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I am attempting to implemented an FPS-style camera by updating three vectors: EYE, DIR, UP. These vectors are the same that are used by gluLookAt (since gluLookAt is specified by the position of the camera, the direction it is looking at, and an up vector).

I have already implemented the left-right and up-down strafing movements, but I'm having a lot of trouble understanding the math behind making the camera look-around while remaining stationary. In this case, the EYE vector remains the same, while I must update DIR and UP.

Below is the code I tried, but it doesn't seem to work properly. Any suggestions?

void Transform::left(float degrees, vec3& dir, vec3& up) {
    vec3 axis;
    axis = glm::normalize(up);
    mat3 R = rotate(-degrees, axis);
    dir = R*dir;
    up = R*up;
};

void Transform::up(float degrees, vec3& dir, vec3& up) {
    vec3 axis;
    axis=glm::normalize(glm::cross(dir,up));
    mat3 R = rotate(-degrees, axis);
    dir = R*dir;
    up = R*up;
};

The rotate method creates a rotation matrix that rotates an an amount degrees around axis.

--

EDIT: I edited it to this (switching 'dir' to 'center', as well), but it still didn't work. When I try to rotate left/right, nothing happens. When I try to rotate up/down, the object disappears.

void Transform::left(float degrees, vec3& center, vec3& up) {
    center = center*rotate(-degrees,glm::normalize(up));
}
void Transform::up(float degrees, vec3& center, vec3& up) {
    vec3 axis = glm::normalize(glm::cross(center,up));
    center = center*rotate(-degrees, axis);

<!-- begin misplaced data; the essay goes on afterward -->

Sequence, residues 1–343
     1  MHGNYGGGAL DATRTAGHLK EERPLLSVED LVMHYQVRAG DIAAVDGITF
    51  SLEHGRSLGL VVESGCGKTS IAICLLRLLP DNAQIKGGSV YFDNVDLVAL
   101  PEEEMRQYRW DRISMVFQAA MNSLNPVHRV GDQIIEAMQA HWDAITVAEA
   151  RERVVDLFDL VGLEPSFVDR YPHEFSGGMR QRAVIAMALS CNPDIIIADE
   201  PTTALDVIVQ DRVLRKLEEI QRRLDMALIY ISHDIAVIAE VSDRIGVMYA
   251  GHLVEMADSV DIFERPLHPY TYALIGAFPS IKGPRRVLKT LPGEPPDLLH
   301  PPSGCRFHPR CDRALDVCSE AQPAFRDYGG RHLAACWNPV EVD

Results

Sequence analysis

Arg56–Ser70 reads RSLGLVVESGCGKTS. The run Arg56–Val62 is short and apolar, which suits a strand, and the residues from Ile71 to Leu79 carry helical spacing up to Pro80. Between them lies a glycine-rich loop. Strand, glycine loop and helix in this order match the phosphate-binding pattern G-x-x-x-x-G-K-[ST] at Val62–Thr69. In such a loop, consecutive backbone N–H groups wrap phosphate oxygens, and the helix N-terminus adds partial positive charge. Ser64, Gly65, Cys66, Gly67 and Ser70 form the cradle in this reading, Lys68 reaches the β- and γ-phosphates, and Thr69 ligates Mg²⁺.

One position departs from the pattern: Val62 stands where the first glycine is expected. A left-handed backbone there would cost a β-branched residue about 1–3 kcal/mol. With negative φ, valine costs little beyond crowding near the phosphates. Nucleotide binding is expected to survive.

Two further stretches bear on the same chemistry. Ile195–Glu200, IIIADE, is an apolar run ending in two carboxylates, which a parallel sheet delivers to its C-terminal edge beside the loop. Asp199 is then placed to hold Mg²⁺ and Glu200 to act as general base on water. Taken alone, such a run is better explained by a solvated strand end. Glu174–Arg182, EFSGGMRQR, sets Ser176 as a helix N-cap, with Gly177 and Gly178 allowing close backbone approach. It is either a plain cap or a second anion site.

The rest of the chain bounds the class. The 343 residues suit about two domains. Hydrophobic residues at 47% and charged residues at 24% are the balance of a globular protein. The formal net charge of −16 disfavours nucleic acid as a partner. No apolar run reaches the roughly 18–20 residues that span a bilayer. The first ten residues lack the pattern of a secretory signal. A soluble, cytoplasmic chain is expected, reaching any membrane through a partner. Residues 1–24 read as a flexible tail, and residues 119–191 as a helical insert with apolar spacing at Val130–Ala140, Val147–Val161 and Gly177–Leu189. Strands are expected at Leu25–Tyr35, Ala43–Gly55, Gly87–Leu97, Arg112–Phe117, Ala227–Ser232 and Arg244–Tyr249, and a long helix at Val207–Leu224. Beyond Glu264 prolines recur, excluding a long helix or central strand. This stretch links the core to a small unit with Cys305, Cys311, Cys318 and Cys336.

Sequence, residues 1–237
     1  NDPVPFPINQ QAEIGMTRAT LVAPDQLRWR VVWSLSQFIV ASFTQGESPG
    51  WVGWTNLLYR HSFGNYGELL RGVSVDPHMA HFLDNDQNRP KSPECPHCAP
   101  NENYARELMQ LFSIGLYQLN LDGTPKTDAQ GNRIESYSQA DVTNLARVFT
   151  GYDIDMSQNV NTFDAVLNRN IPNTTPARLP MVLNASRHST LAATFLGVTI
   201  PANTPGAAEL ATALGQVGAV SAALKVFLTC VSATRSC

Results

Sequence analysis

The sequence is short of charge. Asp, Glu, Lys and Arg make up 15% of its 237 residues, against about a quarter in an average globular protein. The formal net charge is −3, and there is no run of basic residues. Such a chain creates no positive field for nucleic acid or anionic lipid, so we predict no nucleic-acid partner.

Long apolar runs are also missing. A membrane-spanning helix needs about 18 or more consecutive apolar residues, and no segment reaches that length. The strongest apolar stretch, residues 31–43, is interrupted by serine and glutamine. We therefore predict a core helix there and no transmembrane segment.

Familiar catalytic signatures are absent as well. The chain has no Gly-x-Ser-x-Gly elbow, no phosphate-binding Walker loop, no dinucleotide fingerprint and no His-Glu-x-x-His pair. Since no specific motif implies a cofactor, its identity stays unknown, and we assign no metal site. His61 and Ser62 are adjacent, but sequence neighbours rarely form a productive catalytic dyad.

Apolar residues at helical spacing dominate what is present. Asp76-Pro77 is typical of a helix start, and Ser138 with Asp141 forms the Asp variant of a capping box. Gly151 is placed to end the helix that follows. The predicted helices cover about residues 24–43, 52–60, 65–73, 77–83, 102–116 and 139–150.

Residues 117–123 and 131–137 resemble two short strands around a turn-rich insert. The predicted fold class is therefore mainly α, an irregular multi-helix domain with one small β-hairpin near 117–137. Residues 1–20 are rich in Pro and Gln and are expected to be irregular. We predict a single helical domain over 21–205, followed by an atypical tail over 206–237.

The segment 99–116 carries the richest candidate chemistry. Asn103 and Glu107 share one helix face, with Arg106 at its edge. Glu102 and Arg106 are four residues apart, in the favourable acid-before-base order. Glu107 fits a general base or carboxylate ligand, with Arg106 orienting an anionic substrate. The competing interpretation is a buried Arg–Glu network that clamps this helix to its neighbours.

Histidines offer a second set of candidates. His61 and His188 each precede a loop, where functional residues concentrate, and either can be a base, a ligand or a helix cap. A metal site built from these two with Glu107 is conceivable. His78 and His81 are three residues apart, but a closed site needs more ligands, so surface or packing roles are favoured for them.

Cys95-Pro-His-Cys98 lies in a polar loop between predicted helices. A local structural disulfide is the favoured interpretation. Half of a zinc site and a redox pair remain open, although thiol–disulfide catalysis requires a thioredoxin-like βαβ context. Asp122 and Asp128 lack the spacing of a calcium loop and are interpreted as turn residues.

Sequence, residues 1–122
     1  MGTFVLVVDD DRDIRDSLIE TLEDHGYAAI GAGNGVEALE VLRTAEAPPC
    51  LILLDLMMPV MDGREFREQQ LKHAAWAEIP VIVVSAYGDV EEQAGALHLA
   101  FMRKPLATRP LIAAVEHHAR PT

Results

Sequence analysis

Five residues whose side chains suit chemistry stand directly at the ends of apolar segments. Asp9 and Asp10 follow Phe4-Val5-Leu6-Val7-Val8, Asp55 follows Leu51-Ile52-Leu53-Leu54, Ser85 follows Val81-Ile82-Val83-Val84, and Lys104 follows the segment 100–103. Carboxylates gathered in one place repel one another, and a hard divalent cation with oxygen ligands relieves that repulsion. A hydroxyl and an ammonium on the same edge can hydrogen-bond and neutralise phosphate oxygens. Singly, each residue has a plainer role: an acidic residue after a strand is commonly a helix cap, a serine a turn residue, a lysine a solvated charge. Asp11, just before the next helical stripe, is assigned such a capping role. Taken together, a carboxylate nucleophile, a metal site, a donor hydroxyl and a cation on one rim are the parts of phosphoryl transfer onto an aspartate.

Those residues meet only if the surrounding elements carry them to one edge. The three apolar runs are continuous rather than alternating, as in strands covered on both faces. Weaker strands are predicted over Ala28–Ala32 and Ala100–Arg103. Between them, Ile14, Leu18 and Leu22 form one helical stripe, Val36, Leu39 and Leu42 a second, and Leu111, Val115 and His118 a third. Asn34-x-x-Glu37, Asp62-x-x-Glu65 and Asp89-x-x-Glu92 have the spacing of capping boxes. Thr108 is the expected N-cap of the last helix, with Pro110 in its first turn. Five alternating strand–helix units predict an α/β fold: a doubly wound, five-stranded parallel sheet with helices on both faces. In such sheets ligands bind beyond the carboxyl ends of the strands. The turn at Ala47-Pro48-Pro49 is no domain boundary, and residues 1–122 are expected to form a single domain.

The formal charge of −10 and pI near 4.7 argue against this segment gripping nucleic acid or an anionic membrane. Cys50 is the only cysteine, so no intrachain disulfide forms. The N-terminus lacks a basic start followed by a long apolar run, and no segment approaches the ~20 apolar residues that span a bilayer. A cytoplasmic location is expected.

}
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I think updating the DIR vector should be sufficient. The UP vector can be (0,1,0), it is automatically resolved in a direction perpendicular to the vector between the EYE and DIR.. still, correct me if I'm wrong. –  Max Oct 28 '12 at 2:48
    
So you're saying I should keep the code as is, but remove the updates to the up vector? I'll go ahead and try it and let you know what happens. Thanks, Max. –  kpscript Oct 28 '12 at 3:00
    
@Max Thanks for the suggestion, but it didn't work. I updated it to this (I switched dir with center): view edit above. –  kpscript Oct 28 '12 at 3:05
    
Does the degrees parameter specify how much you want to turn relative to where you are currently? –  Vaughn Cato Oct 28 '12 at 3:30
    
Here, I have links explaining what I meant - you don't need to adjust the UP vector. stackoverflow.com/questions/3427379/… Also, google it and read the gamedev.net results. Hope its clear to you. –  Max Oct 28 '12 at 3:34
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1 Answer

up vote 0 down vote accepted

the rotate() method is not defined, It seems that you forgot to implement it. And it seems to be rotation about an arbitrary axis, you can implement it from the equation http://upload.wikimedia.org/math/f/b/a/fbaee547c3c65ad3d48112502363378a.png
(Rotation matrix from axis and angle) form Wiki http://en.wikipedia.org/wiki/Rotation_matrix

Code:

mat3 Transform::rotate(const float degrees, const vec3& axis) { 
glm::mat3 m3;
glm::mat3 I(1.0f,0.0f,0.0f,0.0f,1.0f,0.0f,0.0f,0.0f,1.0f);
glm::mat3 T(axis.x*axis.x, axis.x*axis.y, axis.x*axis.z,axis.y*axis.x, axis.y*axis.y, axis.y*axis.z,axis.z*axis.x, axis.z*axis.y, axis.z*axis.z);
glm::mat3 A(0.0f,-axis.z, axis.y, axis.z, 0.0f, -axis.x,-axis.y,axis.x,0.0f);
m3 = glm::cos(degrees)*I + (1.0f-glm::cos(degrees))*T + glm::sin(degrees)*A;  return m3;}
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Welcome to stackoverflow and thanks for your answer. –  Miguel-F Nov 20 '12 at 14:35
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